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ARS Home » Plains Area » Mandan, North Dakota » Northern Great Plains Research Laboratory » Research » Publications at this Location » Publication #327098

Title: Oilseeds for use in biodiesel and drop-in renewable jet fuel

item Archer, David

Submitted to: 2016 U.S. Billion-Ton Study
Publication Type: Government Publication
Publication Acceptance Date: 3/24/2016
Publication Date: 7/12/2016
Citation: Archer, D.W. 2016. Oilseeds for use in biodiesel and drop-in renewable jet fuel. U.S. Department of Energy. 2016 Billion-Ton Report: Advancing Domestic Resources for a Thriving Bioeconomy, Volume 1: Economic Availability of Feedstocks. M. H. Langholtz, B. J. Stokes, and L. M. Eaton (Leads), ORNL/TM-2016/160. Oak Ridge National Laboratory, Oak Ridge, TN. p.142.

Interpretive Summary:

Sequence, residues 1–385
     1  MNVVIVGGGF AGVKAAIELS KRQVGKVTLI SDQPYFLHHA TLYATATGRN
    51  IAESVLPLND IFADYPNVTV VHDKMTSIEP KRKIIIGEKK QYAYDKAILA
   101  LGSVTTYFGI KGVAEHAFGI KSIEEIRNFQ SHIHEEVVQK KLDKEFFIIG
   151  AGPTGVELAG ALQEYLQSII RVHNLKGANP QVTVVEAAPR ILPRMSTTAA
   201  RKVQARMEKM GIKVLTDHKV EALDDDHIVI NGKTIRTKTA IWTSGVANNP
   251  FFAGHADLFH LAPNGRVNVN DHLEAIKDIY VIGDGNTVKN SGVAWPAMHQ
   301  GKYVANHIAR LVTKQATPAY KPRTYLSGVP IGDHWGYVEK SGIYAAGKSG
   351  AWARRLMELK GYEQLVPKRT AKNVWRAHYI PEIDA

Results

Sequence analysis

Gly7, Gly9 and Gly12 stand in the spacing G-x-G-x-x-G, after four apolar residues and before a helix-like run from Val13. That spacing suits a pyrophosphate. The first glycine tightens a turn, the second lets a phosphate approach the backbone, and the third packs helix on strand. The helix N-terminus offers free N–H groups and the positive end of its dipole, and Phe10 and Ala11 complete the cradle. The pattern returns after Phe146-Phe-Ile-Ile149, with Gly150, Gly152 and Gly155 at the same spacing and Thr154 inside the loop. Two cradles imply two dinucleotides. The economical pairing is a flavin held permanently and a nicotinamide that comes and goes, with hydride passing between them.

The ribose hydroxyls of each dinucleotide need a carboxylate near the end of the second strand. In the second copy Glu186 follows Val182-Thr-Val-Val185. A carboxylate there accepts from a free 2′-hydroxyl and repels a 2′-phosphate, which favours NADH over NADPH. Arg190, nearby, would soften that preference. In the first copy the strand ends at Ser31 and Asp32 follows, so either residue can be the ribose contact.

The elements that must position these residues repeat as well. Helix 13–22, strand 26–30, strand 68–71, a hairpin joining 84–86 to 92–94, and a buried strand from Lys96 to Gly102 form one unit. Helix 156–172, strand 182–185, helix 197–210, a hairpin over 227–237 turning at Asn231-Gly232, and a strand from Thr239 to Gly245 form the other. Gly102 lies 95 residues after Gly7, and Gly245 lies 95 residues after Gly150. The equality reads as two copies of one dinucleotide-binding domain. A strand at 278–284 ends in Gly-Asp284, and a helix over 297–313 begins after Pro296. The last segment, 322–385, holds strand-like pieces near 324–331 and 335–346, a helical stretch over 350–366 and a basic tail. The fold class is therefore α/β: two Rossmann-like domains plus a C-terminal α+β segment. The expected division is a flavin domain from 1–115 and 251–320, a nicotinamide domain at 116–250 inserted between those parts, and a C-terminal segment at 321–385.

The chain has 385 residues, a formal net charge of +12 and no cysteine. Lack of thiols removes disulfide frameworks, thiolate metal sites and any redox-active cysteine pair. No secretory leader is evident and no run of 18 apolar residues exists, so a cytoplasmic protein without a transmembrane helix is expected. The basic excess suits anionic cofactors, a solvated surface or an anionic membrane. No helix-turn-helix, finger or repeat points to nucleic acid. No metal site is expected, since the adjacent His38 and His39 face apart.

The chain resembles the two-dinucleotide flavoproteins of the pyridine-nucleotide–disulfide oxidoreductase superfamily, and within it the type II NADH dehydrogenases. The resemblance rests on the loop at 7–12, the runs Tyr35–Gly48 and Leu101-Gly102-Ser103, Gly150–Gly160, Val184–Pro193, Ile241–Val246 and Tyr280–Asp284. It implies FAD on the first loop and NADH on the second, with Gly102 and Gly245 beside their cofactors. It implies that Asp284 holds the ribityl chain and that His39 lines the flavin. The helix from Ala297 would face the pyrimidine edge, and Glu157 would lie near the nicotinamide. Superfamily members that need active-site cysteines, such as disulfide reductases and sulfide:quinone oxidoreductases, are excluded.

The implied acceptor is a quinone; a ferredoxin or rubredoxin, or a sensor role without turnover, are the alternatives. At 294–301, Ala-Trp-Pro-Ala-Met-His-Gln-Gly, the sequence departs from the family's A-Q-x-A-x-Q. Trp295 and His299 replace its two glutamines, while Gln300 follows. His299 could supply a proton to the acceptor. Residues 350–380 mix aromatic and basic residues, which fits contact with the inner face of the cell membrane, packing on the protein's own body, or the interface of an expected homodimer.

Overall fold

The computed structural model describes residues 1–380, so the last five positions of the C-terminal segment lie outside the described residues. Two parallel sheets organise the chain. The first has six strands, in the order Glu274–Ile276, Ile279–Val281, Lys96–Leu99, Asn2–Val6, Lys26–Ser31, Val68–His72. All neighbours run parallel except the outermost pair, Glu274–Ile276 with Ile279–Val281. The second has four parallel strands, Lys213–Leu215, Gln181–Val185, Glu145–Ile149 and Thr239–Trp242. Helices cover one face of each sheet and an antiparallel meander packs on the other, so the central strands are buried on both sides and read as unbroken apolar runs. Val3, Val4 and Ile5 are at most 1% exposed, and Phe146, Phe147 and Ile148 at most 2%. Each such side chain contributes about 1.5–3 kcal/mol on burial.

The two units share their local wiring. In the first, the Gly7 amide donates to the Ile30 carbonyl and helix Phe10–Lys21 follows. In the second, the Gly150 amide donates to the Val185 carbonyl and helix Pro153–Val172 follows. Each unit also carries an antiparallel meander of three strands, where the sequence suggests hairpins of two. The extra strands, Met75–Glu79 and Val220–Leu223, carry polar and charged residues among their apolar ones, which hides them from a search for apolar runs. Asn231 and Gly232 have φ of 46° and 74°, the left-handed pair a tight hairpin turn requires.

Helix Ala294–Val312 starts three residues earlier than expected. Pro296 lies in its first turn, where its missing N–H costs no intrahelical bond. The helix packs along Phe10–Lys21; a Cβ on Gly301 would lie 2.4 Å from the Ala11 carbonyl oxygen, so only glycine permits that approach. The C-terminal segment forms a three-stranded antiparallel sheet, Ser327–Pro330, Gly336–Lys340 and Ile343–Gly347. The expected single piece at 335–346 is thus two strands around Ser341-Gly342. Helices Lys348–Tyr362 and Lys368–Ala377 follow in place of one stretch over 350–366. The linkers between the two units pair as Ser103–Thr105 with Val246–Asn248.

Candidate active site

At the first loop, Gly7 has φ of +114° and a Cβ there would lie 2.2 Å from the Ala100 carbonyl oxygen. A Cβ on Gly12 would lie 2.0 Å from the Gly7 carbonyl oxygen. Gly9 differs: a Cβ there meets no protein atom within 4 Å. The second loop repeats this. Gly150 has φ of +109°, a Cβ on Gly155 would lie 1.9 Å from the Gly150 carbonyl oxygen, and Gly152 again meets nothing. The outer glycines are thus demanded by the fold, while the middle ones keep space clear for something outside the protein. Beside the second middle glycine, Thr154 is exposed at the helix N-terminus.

Technical Abstract: Oilseeds, primarily soybean and canola, are currently used as feedstocks for biodiesel production. Oilseeds can also be used to produce drop-in renewable jet fuel and diesel products. While soybean and canola are the most common oilseed crops used for renewable fuel production in the U.S., many other oilseeds could be used as feedstocks. These include crops such as industrial rapeseed, camelina, pennycress, sunflower, safflower, and mustards such as carinata and condiment mustard. Like soybean and canola, the meal remaining after oil extraction for most of these crops is valuable as a high protein livestock feed source. The meal value will be important in determining the economic feasibility of producing these crops. The value of the meal as a livestock feed is directly related to the protein content for each specific crop, but also any nutritional or anti-nutritional components. To reduce land competition and displacement of existing food, feed, and fiber production, envisioned production strategies are focused on selection of crops and cropping methods that increase overall production. This includes growing oilseeds in place of cultivated fallow, using oilseeds as harvestable cover crops or double crops, and including oilseeds as break crops in low-diversity cropping areas to reduce disease, weed, and pest levels and increase yields of the dominant crop. Growing oilseeds in place of cultivated fallow or as cover crop or double crops could provide environmental benefits by introducing plants to the landscape during normally fallow periods. A significant economic challenge is finding ways to produce oilseeds that are profitable for growers to produce, yet at a price low enough that they are economically viable as biofuel feedstocks. Another challenge is that many of these crops are relatively new to the areas where they are proposed to be grown, so there are needs to develop management techniques and crop traits that are most suited to these areas. There are also needs for training or education for potential producers to learn how best to grow these crops.